Johannesburg – President Jacob Zuma remains silent while the African National Congress (ANC) is disintegrating under his watch, the National Union of Healthy and Allied Workers's Union (Nehawu) said on Thursday.
"We expect the President to stand up as a leader and say this is too much ... this has to stop. We expect him to say not in my name, but his silence says a lot," Nehawu deputy secretary Zola Saphetha told reporters in Johannesburg, following the union's executive committee meeting.
The Congress of South African Trade Union (Cosatu) affiliate last month and called on Zuma to step down, citing infighting in the ANC, a series of scandals and rampant corruption as reasons he should resign.
Cosatu and the South African Communist Party are in a tripartite alliance with the ruling ANC. However, attempts by a few Cabinet ministers to have Zuma removed was thwarted at an ANC NEC meeting last week.
The NEC said it did not support the move, and that Zuma would remain at the helm. Saphetha said leadership meant playing a role and taking a stand, but Zuma wasn't doing what was expected from him as a leader.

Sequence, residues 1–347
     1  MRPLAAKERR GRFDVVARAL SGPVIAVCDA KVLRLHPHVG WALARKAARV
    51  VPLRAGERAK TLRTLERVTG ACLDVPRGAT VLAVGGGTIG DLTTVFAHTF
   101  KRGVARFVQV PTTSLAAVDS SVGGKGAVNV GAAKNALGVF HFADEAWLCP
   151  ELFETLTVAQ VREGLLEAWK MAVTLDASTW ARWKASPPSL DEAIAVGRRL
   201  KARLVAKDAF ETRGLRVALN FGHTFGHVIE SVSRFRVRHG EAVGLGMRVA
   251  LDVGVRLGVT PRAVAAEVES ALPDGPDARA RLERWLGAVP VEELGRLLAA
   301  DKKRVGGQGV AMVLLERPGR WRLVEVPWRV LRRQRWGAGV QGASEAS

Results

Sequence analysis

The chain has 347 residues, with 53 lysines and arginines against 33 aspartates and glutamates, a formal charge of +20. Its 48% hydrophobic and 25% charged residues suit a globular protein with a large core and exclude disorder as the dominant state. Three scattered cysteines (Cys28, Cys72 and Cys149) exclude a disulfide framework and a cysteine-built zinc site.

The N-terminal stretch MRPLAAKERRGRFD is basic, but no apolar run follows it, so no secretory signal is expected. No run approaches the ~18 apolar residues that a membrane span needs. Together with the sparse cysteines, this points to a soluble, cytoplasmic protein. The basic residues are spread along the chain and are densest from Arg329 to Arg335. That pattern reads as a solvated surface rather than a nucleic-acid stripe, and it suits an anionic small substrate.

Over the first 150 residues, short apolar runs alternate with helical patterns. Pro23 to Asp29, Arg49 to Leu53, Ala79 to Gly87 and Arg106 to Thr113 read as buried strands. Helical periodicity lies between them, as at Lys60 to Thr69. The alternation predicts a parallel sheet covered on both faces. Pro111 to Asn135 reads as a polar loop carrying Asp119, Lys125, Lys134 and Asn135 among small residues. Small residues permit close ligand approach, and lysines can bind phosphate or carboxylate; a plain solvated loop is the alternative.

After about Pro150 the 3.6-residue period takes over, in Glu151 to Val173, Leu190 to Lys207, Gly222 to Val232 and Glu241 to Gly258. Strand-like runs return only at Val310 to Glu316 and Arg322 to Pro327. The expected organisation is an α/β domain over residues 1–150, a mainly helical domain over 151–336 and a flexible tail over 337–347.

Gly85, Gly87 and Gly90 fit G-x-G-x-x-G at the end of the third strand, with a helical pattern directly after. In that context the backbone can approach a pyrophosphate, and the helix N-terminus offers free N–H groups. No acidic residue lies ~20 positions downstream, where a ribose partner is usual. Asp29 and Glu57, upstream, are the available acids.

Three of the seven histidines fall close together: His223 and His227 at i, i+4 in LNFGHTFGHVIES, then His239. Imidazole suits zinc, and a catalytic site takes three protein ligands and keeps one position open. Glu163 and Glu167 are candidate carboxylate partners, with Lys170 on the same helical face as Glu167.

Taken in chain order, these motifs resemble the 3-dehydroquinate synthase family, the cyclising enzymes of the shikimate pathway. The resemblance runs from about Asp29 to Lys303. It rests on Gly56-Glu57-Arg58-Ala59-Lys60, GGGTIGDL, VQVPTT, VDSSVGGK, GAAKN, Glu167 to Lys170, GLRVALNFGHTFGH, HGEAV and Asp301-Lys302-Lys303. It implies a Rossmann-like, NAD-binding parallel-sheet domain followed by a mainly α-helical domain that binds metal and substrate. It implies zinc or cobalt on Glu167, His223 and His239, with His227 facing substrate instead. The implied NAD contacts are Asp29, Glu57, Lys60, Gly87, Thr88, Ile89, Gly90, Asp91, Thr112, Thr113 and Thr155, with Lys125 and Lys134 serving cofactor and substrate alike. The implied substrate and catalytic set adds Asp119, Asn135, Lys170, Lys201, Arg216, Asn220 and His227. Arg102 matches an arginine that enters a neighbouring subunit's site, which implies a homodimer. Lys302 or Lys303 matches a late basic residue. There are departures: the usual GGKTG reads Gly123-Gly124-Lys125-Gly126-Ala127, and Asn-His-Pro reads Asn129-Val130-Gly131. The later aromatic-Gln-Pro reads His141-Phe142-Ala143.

"We think that when difficulties arise, a leader needs to rise to the occasion. Many wrong things are happening within the movement but are ignored ... the movement is disintegrating under the president's watch," he said.
The union said it supported Cosatu's preference of Zuma's deputy Cyril Ramaphosa to be the next President, but added that Ramaphosa should immediately take over and lead the party to its national elective conference in December 2017, where new leaders would be elected.
"We maintain that the best way forward is for the ANC leadership to develop a unifying roadmap towards the 54th national conference and with comrade Cyril Ramaphosa steering the transition to an overwhelming victory in the 2019 general elections," said secretary Bereng Soke.
He said Ramaphosa taking over from Zuma would be a major starting point in unifying the ruling party and turning the tide against factionalism.
The long journey to the renewal of Africa's oldest liberation movement should start at the ANC policy conference to be held next year, said Soke.
African News Agency